Experienced and well meaning people mostly use expletives in between the sentence and never raise their voice while speaking them. They go with the flow of the sentence, adding a more lyrical quality and liveliness (immediacy). There is no show off, they are lukewarm honey dropped from heaven in between the sentences, adding the warmth. No one notices them in the sentence, but every one know they are spoken. For Gods sake, please don't use them like the F word. First thing to note is they are not meant for abuse. They are not just fillers. They are the flavor. They should seep in effortlessly and slowly over time, like flavor in hot-soft muffins, not like an add-on of hard nuts. Its a lazy way to use them. If one watches closely, he/she will notice that most of the expletives are used for inanimate things, situations and life as such, not for people. Simple use of expletive comes with inanimate but personal things, which we love, for eg. scooters, "yaar, B, start ho jaa, G lega kya".

In Omkara, barring few occasions by Deepak Dobriyal, no one used them properly. It was one of the biggest reason why I didn't like the film much. You can call be names, but I get really sentimental about expletives. I see them as a part of culture. At last, after all this talking, I should give you an example of the correct use of expletives. In Khosla ka Ghosla, when Khoslaji (Anupam Kher) tells his friend, Sahni sa'ab (Vinod Nagpal) that his son doesn't like his name, he replies "Khosla saab.. aaj kal ke bachche bade mnc mijaaz ke hote hain...unhe ye kabootron waale naamon mein sharmindgi mehsoos hoti hai ...nayi ?.. unke saath ek baar compromise kar lo, saare budhape ki insurance ho jaati hai...ooo jee.. sach poocho to ye saara desh hi B compromise pe chal raha hai.. hai ji...". The honey dropped from heaven and it was a moment of pure bliss.
NB: This post would not be possible without the help of Vivek and Rajeev. Thanks !

Monday, January 08, 2007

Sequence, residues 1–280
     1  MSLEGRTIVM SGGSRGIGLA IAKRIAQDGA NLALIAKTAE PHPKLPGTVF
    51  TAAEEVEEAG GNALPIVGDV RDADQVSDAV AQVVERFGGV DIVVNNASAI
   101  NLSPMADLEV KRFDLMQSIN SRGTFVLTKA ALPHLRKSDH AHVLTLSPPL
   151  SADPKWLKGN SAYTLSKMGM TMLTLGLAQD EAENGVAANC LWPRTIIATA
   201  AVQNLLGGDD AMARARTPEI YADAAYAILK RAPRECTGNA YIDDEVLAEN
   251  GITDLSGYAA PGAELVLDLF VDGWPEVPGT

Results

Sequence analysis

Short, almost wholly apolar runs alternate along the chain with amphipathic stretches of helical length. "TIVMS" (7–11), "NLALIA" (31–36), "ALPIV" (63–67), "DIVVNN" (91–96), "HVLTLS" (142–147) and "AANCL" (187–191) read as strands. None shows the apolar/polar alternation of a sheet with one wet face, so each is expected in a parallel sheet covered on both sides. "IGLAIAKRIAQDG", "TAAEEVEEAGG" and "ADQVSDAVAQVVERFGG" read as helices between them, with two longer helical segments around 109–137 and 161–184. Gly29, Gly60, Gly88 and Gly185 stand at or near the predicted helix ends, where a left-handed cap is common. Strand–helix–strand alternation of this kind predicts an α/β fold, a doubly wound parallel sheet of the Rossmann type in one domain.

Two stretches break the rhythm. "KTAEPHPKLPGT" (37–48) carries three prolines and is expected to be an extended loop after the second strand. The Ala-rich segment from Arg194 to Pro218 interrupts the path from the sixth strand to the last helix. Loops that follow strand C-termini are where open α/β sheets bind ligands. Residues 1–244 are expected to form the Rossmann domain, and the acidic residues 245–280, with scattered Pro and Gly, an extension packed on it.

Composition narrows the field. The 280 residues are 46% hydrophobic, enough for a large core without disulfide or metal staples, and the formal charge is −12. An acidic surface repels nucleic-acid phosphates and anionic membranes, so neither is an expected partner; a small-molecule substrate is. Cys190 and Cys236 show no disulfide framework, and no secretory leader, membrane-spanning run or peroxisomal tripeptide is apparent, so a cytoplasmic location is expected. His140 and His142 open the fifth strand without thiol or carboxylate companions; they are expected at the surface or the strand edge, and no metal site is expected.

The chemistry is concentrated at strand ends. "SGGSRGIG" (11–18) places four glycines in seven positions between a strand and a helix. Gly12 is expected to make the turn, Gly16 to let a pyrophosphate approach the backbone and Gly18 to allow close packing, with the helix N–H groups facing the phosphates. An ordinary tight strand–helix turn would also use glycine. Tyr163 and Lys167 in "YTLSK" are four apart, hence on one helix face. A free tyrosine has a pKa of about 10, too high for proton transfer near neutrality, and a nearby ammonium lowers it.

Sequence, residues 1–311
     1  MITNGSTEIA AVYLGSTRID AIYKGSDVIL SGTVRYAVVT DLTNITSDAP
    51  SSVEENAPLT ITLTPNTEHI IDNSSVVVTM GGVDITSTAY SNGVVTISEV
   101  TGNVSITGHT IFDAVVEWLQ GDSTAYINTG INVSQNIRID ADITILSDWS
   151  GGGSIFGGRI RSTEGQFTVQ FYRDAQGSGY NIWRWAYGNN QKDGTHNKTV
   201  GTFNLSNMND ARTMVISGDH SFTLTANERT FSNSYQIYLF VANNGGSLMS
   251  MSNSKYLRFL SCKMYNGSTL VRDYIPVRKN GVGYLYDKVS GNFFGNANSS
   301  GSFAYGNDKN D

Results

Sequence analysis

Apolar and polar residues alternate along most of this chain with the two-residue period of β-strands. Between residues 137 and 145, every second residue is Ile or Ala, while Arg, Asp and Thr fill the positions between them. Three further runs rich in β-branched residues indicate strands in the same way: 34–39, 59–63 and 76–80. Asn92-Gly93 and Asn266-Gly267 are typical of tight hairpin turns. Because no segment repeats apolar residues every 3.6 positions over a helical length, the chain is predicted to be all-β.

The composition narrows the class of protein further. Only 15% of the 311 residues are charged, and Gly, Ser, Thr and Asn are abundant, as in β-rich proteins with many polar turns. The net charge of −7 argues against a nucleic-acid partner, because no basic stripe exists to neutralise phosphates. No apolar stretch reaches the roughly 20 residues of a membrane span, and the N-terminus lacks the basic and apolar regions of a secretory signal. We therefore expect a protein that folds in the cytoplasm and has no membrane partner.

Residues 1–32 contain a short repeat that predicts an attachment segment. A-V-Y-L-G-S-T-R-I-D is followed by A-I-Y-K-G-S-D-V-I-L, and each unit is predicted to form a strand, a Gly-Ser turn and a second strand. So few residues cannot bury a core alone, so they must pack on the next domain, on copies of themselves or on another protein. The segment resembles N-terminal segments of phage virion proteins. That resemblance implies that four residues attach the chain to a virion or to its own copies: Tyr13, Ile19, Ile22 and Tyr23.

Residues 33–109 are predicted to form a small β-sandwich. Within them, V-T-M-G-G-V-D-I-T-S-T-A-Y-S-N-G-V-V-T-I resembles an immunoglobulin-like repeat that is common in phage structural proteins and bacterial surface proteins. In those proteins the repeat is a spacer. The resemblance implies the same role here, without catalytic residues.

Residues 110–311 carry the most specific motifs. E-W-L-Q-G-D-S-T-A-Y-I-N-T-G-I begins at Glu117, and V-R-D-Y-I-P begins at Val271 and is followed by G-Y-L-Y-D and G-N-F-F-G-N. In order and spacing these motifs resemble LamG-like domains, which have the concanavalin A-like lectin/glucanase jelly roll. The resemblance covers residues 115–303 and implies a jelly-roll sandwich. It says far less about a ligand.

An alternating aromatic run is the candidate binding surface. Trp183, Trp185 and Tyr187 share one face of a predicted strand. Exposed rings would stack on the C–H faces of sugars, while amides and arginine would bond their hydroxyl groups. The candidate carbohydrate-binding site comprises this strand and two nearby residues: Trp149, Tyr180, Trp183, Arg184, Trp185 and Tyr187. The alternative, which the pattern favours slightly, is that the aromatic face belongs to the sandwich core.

A Poem by Auden

Read this poem, The Unknown Citizen, on Vidya's blog. She says " [it] leaves me with a "wow" every time I read the last two lines". For me it shoots 3-4 lines before that. The last two lines take time to sink in but when they do, they sink very personally !

The Unknown Citizen

He was found by the Bureau of Statistics to be
One against whom there was no official complaint,
And all the reports on his conduct agree
That, in the modern sense of an old-fashioned word, he was a saint,
For in everything he did he served the Greater Community.
Except for the War till the day he retired
He worked in a factory and never got fired,
But satisfied his employers, Fudge Motors Inc.
Yet he wasn't a scab or odd in his views,
For his Union reports that he paid his dues,
(Our report on his Union shows it was sound)
And our Social Psychology workers found
That he was popular with his mates and liked a drink.
The Press are convinced that he bought a paper every day
And that his reactions to advertisements were normal in every way.
Policies taken out in his name prove that he was fully insured,
And his Health-card shows he was once in a hospital but left it cured.
Both Producers Research and High-Grade Living declare
He was fully sensible to the advantages of the Instalment Plan
And had everything necessary to the Modern Man,
A phonograph, a radio, a car and a frigidaire.
Our researchers into Public Opinion are content
That he held the proper opinions for the time of year;
When there was peace, he was for peace: when there was war, he went.
He was married and added five children to the population,
Which our Eugenist says was the right number for a parent of his generation.
And our teachers report that he never interfered with their education.
Was he free? Was he happy? The question is absurd:
Had anything been wrong, we should certainly have heard.

-by W. H. Auden